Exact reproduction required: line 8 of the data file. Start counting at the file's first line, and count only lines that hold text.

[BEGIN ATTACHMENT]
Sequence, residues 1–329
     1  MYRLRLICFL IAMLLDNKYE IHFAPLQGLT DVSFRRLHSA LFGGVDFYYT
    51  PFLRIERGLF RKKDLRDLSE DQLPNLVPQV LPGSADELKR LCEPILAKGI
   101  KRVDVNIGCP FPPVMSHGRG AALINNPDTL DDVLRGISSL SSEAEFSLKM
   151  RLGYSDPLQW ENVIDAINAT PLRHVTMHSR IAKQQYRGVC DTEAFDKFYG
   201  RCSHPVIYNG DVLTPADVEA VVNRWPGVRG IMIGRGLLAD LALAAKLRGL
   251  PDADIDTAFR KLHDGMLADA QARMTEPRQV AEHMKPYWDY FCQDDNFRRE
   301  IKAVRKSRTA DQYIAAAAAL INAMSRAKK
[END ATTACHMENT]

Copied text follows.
   301  IKAVRKSRTA DQYIAAAAAL INAMSRAKK